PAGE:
THE fact that a deep racial divide exists in Guyana between citizens of Indian descent and those of African ancestry is well known.
However, unfortunately, the fact that Indigenous Guyanese have been the victims of racism has been largely ignored or overlooked; and, when indigenous citizens are attacked or otherwise victimised, such behaviour is often attributed to some other factor, such as religion, political beliefs, etc, rather than racial prejudice, even though there may be overwhelming evidence that racism is the driving factor.
Racism is defined as the belief in the superiority of one race over another. It may also mean prejudice, discrimination, or antagonism directed against other people because they are of a different race or ethnicity. Modern variants of racism are often based on social perceptions of biological differences between peoples; and although scientists have found no biological basis for racial categorisation, the notion persists, even in the minds of the better educated.
We recall that in December 2014, then President Donald Ramotar said that, “You don’t know anything about Jagdeo; if he bin hay he might a slap yo, coz you stupid.” The obnoxious remark was directed to Mr John Adams, an indigenous Guyanese. While such disrespect directed against indigenous Guyanese may be blatantly racist, there are certainly more subtle forms of the disease.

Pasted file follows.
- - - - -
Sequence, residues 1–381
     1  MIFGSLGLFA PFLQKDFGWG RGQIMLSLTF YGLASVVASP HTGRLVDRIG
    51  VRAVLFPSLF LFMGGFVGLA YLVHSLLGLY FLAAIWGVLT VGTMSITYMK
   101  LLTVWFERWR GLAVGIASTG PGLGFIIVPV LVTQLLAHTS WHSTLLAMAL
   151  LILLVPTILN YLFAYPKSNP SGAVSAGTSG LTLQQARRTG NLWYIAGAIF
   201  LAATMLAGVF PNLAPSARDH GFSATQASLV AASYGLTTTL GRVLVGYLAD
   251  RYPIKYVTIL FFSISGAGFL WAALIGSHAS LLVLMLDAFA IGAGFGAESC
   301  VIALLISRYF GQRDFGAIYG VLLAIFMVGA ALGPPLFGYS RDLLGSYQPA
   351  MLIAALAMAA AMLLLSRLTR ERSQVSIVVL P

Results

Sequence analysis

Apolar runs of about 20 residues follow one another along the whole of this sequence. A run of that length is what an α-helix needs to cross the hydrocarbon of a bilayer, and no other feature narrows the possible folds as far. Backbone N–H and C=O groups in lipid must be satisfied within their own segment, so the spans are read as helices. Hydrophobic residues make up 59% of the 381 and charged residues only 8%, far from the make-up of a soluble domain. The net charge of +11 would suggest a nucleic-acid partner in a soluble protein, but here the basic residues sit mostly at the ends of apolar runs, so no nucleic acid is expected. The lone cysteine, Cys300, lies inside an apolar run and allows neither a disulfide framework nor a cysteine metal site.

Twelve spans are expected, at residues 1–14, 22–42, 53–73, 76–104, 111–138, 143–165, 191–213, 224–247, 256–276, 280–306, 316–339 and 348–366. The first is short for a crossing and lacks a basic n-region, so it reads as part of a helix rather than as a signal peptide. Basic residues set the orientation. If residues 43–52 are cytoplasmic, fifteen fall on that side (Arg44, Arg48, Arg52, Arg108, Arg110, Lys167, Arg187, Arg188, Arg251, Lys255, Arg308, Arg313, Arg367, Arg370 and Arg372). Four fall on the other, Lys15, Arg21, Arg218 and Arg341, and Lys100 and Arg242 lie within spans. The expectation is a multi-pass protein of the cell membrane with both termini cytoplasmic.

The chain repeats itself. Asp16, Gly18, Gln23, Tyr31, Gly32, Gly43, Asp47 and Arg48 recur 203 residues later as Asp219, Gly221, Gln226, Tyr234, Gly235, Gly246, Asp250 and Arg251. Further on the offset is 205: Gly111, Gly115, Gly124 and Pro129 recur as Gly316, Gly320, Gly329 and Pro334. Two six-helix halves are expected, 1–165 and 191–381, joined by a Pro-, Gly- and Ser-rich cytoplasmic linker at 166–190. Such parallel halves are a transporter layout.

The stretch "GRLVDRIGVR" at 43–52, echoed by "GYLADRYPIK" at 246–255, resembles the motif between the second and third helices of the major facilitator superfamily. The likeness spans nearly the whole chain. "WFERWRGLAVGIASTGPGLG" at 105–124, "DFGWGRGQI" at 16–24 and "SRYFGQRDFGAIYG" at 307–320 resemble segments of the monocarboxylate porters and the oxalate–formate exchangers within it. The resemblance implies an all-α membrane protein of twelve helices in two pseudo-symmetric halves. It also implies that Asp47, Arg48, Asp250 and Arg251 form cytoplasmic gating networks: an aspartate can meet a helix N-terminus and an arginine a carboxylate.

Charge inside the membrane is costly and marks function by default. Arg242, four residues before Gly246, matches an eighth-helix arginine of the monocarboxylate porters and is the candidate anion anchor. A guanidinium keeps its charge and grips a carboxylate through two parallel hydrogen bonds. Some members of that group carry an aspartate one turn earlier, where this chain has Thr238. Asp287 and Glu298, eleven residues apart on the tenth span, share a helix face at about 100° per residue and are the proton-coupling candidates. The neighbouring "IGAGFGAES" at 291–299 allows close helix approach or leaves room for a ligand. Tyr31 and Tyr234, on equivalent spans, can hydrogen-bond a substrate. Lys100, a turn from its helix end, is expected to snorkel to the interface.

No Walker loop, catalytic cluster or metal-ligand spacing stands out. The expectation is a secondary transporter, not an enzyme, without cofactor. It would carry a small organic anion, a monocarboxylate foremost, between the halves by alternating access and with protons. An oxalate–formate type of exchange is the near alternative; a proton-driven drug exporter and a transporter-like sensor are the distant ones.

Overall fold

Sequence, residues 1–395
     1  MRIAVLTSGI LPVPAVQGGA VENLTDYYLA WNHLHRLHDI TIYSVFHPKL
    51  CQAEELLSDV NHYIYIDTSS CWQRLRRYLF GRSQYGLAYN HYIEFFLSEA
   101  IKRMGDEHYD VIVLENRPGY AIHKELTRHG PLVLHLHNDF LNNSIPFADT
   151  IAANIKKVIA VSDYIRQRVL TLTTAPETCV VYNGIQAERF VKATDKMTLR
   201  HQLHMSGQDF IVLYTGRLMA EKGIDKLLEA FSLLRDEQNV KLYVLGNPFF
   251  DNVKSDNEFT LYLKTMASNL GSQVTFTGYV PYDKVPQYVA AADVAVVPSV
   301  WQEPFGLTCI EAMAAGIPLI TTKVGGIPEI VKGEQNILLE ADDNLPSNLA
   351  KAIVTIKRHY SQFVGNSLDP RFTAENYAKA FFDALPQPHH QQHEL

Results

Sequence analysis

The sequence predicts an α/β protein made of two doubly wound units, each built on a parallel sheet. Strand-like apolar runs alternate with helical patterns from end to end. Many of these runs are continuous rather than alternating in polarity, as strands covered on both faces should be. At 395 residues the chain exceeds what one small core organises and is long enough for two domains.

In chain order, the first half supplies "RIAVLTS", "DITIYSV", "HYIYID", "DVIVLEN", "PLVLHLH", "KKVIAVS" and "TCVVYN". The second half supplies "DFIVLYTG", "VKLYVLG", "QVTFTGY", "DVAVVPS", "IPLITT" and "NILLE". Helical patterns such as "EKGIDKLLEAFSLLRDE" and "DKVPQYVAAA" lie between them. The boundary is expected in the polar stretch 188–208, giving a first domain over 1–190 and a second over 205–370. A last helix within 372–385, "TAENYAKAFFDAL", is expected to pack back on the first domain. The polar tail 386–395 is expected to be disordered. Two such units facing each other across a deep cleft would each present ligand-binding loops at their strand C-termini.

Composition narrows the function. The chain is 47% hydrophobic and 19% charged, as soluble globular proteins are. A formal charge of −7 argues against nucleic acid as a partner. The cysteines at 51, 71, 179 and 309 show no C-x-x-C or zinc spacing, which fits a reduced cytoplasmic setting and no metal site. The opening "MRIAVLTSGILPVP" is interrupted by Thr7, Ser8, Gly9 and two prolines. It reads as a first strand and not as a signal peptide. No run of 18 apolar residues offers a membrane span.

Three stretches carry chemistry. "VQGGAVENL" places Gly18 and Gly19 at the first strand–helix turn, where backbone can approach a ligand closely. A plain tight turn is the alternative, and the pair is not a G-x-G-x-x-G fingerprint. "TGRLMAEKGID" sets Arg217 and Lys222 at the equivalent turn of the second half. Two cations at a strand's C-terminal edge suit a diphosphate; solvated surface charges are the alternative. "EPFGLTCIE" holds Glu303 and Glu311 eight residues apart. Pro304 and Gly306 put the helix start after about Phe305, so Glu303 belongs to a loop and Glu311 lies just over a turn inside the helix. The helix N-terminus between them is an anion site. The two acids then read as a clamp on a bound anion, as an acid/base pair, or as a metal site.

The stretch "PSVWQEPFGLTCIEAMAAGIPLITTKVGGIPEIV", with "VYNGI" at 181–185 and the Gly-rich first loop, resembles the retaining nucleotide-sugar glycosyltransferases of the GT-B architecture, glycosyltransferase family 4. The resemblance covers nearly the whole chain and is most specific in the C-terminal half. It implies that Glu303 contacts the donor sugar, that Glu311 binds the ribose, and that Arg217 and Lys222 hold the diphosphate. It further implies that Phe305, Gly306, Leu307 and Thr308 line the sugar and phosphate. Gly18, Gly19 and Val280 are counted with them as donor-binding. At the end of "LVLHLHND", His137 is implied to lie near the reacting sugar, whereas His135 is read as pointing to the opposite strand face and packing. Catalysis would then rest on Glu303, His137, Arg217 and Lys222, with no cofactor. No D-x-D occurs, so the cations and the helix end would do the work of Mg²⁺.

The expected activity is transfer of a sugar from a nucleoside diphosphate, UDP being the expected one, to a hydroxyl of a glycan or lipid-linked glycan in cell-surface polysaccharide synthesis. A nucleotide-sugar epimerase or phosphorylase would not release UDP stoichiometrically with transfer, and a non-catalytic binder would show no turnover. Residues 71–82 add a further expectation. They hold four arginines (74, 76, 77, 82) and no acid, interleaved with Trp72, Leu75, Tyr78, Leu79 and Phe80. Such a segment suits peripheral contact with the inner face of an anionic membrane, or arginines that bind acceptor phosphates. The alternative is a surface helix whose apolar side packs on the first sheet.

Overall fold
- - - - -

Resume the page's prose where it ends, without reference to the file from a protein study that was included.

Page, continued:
What of persons referring to indigenous Guyanese as b*** people? What of the employer who will not hire indigenous Guyanese? What of the worker who verbally or physically attacks an indigenous Guyanese, yet, never disrespects any other colleague of his own ethnic background? Evidently, editor, such matters should be addressed if we are to make progress as a nation.
For years, under the People’s Progressive Party’s (PPP) reign, indigenous peoples had been neglected. Of course, this sort of systemic racism has been eradicated by the APNU+AFC coalition government. President Granger has said that social cohesion, which has been a key area of focus for his administration, is rooted in respect for the racial, religious and social groups in society, particularly of minority groups. Unfortunately, the disease remains ingrained in the minds of too many.
It is saddening that racism of all types remains a problem. I am particularly disgusted as an indigenous Guyanese that prejudice not only appears to persist against Guyana’s first peoples, but the problem is largely ignored and hidden.
I trust that as a people, we can, some day soon, grow up and eradicate the cancer of racial prejudice and the verbal and physical violence which it may cause.